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Starting Flight of Pollen

can be confusing if you’re expecting to start a turn by rolling a dice! Because there isn’t one.
Instead, each round begins by turning over an element card. Here’s Shawn holding them up!
There’s a couple of ways, on this site, to help you begin
– you can post on the forum
– you can check in on our cheat-sheet (which I’m constantly updating)

Flight of Pollen Cheat-Sheet

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our native bees

Native bees come in three sizes. Small, very small and extremely small.

Last summer I was with my friend Gretchen at their community garden in North East Valley, Dunedin. Little black native bees were everywhere! I followed them as the sucked on flax petals (they were after nectar not pollen), and clustered around cabbage tree flowers.

Flighty and fly very fast, seldom settling on one flower for long.

As I observed our short-tongued native bees are generally better at pollinating native flowers, while the introduced honeybees and bumblebees were busy in other parts of the garden, pollinating the crop flowers.

The native bee is an important pollinator in Flight of Pollen, picking up and dropping off a load of three. In the game loads range from one (hoverfly) to eight (bat).

Aotearoa / New Zealand has 28 species of native bees. Most native bees are solitary. At the end of summer they dig holes in the ground, and there they lay a single egg in each cell. These eggs hatch in spring and feed on the nectar and pollen left for them, before emerging.

Quotes from Jay Iwasaki, a PhD student in the Departments of Botany and Zoology at the University of Otago.
In ‘New Zealand’s Smallest Bees’, Our Changing World, by Alison Ballance

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Taupo Library

JiL-doll. As I was when I designed Cloak of Protection. Made by Hadia Jane Penton

Taupo District Library. SATURDAY Oct 28, 1-3.30pm.
If you’re in the area, please come play both my New Zealand environmental board games with me.
This is part of the Playing in Paradise exhibition in the Niven Room, at the Taupo Musuem, running Saturday 27 October – Monday 4 December. On display are artworks from Jane Penton, Laura Sue Bailey, Kanai Cowell and some of my early paper works and bird images.

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Lifting off with Kapanui School

Katie & Emily (from Kapanui School) playing with me at the Mahara Gallery

 

 

 

 

 

 

 

Nearly five years ago Kapanui School students in Matt Wynne’s class helped make the how-to-play video for Cloak of Protection. In the meantime a strong bond has been formed between myself and Wellington Enviroschools.

So when Flight of Pollen was nearly finished I, along with the local Enviroschools facilitator Amanda Dobson, returned to Matt Wynne’s class to make another video.

Making a video was different this time because the game was still in development. Class sessions were held, and students practiced the game. But watching the video is also watching seven students learn and play. It is to observe teams become more strategic as they move up each of the four levels.

The video was filmed and edited Paul Britten-Morby, Kaost Graphics. As he knew the students they were very relaxed about being filmed. And the ending has a surprise twist where, at their suggestion, a rule-change to the game is allowed.

Then Flight of Pollen was launched at the Mahara Gallery on Saturday 2nd September. Once again Matt’s Kapanui students were present, this time time to demonstrate and teach the game. Here also, the videos were played for the first time.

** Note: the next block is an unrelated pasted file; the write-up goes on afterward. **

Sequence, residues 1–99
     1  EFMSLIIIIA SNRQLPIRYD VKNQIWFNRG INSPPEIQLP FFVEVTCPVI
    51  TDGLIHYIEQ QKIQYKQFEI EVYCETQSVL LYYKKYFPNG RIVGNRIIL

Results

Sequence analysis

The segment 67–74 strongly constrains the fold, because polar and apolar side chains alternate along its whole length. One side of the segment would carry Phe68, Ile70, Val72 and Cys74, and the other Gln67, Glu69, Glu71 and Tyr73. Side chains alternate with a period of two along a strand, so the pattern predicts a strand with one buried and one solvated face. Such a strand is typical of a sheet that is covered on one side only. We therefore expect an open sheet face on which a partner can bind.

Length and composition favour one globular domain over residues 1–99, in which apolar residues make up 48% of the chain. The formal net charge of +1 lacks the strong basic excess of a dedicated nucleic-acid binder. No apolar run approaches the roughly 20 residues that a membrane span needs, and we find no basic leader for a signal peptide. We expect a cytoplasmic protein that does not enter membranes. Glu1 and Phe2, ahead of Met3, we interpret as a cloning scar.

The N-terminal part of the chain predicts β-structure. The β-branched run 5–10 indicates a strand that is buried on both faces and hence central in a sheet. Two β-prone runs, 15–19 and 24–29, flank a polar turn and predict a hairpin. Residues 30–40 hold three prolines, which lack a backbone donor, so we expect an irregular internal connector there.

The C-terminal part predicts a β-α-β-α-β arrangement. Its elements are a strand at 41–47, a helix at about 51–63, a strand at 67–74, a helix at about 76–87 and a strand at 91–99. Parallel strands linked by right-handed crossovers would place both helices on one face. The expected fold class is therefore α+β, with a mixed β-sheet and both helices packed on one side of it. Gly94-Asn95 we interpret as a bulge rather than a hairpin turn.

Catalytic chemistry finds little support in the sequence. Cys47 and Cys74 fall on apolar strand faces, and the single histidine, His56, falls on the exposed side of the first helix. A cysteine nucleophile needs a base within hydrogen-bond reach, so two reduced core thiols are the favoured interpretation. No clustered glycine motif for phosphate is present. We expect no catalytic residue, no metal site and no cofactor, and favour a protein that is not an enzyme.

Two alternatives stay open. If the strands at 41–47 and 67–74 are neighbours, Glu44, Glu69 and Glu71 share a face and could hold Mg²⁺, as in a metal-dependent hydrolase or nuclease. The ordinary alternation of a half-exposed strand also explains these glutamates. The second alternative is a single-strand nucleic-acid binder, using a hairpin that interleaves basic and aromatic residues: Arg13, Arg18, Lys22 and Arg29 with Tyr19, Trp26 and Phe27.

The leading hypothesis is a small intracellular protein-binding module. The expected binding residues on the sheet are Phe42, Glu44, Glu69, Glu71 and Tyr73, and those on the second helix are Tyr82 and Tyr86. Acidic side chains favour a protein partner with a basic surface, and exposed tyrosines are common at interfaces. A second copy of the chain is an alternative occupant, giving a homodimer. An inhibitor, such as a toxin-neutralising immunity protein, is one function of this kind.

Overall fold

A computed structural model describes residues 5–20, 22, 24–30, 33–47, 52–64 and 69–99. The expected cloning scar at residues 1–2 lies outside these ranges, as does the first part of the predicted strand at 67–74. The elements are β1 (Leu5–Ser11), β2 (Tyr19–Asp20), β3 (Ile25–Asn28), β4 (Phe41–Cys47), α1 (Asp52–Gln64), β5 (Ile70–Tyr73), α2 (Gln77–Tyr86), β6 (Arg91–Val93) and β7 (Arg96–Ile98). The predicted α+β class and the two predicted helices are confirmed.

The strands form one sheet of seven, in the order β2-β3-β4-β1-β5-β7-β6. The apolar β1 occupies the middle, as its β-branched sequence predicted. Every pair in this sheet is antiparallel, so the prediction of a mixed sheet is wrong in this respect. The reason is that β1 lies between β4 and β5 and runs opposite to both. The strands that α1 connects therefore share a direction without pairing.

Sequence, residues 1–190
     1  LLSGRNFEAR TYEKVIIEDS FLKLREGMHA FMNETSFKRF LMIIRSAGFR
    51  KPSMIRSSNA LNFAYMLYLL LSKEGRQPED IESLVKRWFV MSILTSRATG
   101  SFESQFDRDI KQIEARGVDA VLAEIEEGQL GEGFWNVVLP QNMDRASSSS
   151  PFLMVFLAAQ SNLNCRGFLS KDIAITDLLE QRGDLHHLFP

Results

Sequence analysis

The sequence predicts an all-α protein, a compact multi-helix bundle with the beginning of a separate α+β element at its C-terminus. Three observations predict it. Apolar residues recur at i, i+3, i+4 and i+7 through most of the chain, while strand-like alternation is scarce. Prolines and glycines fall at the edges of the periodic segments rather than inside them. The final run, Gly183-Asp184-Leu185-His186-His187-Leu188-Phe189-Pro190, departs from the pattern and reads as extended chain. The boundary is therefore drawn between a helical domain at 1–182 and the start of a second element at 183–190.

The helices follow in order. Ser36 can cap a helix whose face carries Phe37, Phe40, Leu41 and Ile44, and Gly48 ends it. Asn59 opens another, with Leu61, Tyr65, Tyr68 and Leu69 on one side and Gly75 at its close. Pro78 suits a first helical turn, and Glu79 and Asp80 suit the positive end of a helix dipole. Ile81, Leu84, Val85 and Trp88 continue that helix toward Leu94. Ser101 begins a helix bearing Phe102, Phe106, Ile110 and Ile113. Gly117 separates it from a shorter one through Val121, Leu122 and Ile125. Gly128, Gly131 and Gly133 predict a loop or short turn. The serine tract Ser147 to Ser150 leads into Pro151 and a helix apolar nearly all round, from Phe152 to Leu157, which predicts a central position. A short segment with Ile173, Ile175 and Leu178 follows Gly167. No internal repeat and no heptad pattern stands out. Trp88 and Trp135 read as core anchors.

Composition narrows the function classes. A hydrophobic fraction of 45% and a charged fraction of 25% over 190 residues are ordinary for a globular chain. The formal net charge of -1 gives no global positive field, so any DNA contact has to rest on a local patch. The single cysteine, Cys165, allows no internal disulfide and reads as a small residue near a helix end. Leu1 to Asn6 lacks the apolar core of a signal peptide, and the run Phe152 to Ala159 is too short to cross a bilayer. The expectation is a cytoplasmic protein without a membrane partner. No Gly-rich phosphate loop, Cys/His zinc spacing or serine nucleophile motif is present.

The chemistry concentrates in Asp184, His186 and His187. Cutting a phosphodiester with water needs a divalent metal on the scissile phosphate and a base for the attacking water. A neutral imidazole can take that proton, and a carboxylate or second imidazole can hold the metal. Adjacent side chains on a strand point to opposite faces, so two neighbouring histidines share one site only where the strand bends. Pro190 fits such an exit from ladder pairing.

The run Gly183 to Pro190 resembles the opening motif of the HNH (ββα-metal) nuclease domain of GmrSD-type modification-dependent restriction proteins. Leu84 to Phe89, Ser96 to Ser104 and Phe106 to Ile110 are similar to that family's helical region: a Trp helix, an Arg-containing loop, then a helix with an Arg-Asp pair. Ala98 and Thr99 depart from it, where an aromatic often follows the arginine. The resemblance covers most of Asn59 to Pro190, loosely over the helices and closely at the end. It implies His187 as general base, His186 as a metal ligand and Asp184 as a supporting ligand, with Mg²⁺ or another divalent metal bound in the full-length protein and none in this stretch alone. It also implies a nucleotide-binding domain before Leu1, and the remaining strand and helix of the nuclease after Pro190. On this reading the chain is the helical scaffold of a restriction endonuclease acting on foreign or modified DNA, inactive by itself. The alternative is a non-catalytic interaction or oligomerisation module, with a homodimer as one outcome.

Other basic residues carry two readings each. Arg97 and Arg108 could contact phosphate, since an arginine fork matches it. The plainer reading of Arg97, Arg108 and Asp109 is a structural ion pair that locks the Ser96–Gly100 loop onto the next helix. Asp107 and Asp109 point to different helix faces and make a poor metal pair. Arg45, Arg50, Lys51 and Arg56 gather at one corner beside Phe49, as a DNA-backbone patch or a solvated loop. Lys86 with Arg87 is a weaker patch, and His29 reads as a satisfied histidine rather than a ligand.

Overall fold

The plan is that students from this class, using Nga Manu as a base, will also teach the game to students at other schools. So carrying Flight of Pollen along.

As Emily Warner said, “This was a really fun game to play and I enjoyed collecting berries a lot. Can’t wait till another game is made!”

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the hairiness of moths

Here, seen through a window, is a very hairy moth.

The bigger the moth, the more the hairs, the larger the load of pollen it carries from flower to flower.

Aoteaora/New Zealand is a land of moths, so in Flight of Pollen there’s three: large hebe looper; zebra lichen; and cabbage tree.

All pick up and drop off pollen during the night.

As a child, as the evenings darkened at Lake Wakitipu, we’d turn on the lights and lamps.  Then in would come giant moths who’d circle the light, never ceasing as long as the light was on.

Who knew they were essential pollinators!?

 

 

 

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Pollination Illumination

Aubane concentrates on the tiles for Flight of Pollen

Yesterday, Sunday 3 September, was the launch of Bee Aware Month, at the Treehouse Visitor Centre, Wellington Botannic Gardens.

We had some great game sessions playing Flight of Pollen.

Aubane (pictured) said “Interesting. Because you’ve got to work your brain, but have fun at the same time!”

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Flight of Pollen launch

Emily, on the right, shows Katie how to play
Kahu & Ru learning Flight of Pollen

The environmental board game Flight of Pollen launched at the Mahara Gallery on Saturday 2 September.

Designer JiL Hemming (Otaki), illustrator Cushla McGaughey (Waikanae), and graphic designer Don Little (ex-Waikanae), were joined by players from Kapanui School to show-case the new game.

“It takes a village to make a game,” said JiL as she thanked Janet Bayly (director Mahara Gallery), plus pledgers, supporters, game-testers, and many others for their generosity and expertise.

Money toward printing costs was raised via the PledgeMe campaign plus with a generous grant from the Philipp Family Foundation.

The how-to-play videos, made by Kapanui School students, were also launched.